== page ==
Toad World® Forums

Performance of multiple database connection query


#1

Hello,

I have tried running a query using Toad for DA’s multiple database connection feature for the first time. I’ve got two data sources, a local Access database and an Oracle database. I’m running a query using a simple inner join on two tables based on row ID.

There are only about 100 rows in the Access table, but the Oracle database table I’m joining to has about a million rows.

The performance of the query is VERY slow. It is hogging a lot of memory on my computer. For such a simple query I would normally have expected a near-instantaneous result. I am guessing that it is trying to load both database tables into the local computer’s memory - is there any way to tweak the performance of such queries?


#2

There is no surprise that this query is slow. The query is retrieving and joining data from two completely different database types. Retrieval time will not be the same comparing the execution time of querying the one Oracle table. The fact that you are able to do the query is the benefit here. If it is something you need to do often, you may consider automating this query so it is run in off-hours and the result set ready for you when you come into the office.

We are continuing to research improvements to cross-platform query execution, but for now it is substantially slower than single database execution. Other solutions to this would be to bring the data from Oracle locally into Access or visa-versa, Access table into Oracle.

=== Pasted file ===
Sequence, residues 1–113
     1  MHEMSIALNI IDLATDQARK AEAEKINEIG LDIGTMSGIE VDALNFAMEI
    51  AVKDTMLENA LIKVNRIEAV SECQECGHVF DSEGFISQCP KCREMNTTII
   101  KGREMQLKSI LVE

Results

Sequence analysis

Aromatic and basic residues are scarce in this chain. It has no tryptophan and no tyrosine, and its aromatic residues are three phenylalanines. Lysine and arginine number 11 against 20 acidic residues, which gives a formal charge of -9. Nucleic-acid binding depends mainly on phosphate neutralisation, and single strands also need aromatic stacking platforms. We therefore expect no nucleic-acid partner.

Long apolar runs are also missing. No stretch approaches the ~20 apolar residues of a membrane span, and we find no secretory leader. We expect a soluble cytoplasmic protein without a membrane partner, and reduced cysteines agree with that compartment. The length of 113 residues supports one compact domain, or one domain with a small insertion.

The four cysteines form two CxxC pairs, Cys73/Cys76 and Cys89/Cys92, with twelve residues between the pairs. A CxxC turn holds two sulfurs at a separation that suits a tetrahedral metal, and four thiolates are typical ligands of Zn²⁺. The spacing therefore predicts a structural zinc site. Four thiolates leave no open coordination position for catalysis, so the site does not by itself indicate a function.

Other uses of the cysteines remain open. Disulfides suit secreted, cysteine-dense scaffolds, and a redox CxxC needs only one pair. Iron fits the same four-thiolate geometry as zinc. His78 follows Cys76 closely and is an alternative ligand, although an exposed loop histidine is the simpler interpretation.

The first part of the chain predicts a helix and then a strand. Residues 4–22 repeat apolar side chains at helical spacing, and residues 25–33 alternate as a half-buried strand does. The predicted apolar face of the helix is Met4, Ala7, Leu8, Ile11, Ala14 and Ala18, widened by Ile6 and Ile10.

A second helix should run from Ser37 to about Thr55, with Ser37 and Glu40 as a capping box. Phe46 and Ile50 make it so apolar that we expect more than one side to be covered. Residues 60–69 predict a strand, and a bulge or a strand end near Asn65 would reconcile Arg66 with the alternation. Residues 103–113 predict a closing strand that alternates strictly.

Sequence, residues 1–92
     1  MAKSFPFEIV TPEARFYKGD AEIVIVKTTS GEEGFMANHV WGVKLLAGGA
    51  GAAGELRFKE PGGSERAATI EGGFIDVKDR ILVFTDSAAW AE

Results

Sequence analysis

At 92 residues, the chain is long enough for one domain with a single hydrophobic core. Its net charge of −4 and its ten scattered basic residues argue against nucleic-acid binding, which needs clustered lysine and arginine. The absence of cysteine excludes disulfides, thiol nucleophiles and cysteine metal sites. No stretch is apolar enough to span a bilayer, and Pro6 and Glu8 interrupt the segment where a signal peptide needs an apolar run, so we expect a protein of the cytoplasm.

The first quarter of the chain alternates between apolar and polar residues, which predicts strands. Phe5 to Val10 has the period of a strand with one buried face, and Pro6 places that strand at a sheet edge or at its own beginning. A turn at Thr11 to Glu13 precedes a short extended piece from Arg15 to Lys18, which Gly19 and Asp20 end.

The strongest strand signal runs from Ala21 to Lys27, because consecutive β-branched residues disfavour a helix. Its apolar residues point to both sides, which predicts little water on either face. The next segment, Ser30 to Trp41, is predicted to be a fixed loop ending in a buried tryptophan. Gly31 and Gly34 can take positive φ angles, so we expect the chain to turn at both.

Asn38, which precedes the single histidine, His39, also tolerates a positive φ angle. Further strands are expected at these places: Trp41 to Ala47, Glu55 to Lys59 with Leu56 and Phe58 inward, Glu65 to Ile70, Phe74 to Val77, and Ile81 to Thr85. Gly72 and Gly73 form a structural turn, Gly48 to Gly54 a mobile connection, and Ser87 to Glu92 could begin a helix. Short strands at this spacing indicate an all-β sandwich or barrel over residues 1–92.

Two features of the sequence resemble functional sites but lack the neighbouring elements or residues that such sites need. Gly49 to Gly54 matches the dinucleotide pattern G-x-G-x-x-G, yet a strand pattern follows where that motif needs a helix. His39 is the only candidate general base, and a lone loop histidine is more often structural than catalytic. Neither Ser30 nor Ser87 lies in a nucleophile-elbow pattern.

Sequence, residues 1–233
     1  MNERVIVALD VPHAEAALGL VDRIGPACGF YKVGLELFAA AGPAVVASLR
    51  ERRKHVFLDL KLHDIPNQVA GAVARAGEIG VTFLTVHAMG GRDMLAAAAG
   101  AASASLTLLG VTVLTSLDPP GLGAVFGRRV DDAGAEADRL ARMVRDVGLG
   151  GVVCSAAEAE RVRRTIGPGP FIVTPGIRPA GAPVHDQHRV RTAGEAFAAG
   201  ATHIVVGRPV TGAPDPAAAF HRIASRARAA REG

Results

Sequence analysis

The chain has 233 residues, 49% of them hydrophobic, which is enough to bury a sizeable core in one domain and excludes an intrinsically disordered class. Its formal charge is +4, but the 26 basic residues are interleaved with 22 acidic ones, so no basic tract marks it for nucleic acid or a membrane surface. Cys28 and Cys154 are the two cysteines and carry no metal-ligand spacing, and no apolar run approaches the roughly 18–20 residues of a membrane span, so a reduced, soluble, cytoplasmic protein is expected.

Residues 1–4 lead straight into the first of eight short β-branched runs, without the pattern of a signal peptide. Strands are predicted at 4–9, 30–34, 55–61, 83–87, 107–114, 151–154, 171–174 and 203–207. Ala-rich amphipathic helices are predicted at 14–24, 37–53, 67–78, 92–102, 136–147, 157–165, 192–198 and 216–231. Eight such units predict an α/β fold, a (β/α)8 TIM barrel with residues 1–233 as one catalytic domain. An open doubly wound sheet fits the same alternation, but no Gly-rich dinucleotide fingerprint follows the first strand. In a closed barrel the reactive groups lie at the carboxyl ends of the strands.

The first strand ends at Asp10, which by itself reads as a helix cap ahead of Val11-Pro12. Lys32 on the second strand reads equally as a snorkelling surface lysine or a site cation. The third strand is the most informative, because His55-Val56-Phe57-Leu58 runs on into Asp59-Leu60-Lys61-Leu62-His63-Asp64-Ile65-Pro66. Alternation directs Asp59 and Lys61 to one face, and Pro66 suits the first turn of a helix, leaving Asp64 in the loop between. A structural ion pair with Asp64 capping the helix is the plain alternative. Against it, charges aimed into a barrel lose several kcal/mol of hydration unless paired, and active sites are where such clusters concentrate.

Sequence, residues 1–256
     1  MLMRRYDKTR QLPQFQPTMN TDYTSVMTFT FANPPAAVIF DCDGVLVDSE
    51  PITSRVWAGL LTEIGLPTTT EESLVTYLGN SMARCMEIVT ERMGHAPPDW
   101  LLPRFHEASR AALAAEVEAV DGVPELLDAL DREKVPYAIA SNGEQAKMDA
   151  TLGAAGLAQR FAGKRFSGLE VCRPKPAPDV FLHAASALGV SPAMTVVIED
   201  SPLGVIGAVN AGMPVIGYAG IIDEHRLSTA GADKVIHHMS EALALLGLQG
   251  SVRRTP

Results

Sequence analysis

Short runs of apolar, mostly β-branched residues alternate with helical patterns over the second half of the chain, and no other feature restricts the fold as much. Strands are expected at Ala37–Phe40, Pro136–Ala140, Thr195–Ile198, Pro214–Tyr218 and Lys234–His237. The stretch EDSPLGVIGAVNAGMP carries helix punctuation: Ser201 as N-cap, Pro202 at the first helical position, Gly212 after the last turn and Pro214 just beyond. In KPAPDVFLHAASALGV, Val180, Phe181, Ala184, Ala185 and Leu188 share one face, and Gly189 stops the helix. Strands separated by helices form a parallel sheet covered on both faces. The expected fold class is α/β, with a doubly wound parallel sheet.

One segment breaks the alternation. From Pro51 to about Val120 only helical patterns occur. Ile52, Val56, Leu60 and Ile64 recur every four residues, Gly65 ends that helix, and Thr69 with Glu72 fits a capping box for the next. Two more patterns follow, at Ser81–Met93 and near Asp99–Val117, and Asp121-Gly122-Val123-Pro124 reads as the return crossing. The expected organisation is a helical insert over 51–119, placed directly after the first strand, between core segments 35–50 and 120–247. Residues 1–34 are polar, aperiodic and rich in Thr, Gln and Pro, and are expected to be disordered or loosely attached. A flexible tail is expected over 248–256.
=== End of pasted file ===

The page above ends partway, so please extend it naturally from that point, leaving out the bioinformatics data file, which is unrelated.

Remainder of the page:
#3

Another question on your query - is the column you are joining on an indexed column in the Oracle table? You say you are joining on “row ID” - is that the name of one of the columns in the Oracle and Access table?


#4

Hey!

I also have encounterd similar problem. I run a query from, let say, connection1 via dblink on database that is on connection2. I got the resoults quite fast - like couple of mins. Then I wanted to create a table with resoults of a query in database on connection1 and it took about 2 hrs!
The main reason for creating new table was to keep original data types. When I exported resoults of a query, all data types were VARCHAR2, and I wanted to keep original data types. So, this seemed the easiest way - to create a table. It wasn’t big table - aprox. 65000 rows.
Is there a way to speed things up a bit ? Or some other work-around?

M


#5

Hello, I am assuming that your situation is something like this:

connect to DB1

run a query that uses a table in DB! and a table in DB@, something like
SELECT * FROM TABLE1 T1, TABLE2@DB2 T2 WHERE T1.COL1 = T2.COL2 ;

And then, using the results of this query, you were tryijng to create a table in DB1. How did you do this? Was it using CREATE TABLE … AS SELECT in the Editor window of Toad for Data Analysis? Or using some other method?


#6

Hello,

this was the situation: connected on connection1 I did something like:

create table tableD1 as
select …

from table1@connection2 t1,
table2@connection2 t2,
table3@connection2 t3
where t1.col1_id=t2.col1_id
and t2.col1_id=t3.col1_id

I was creating table on connection1, but I was selecting data only from tables on connection2.
If I run only a query, it was done rather quick, but creating table took very long time.


#7

Hello,

Did you run the CREATE TABLE statement in the SQL Editor window of Toad for Data Analysis?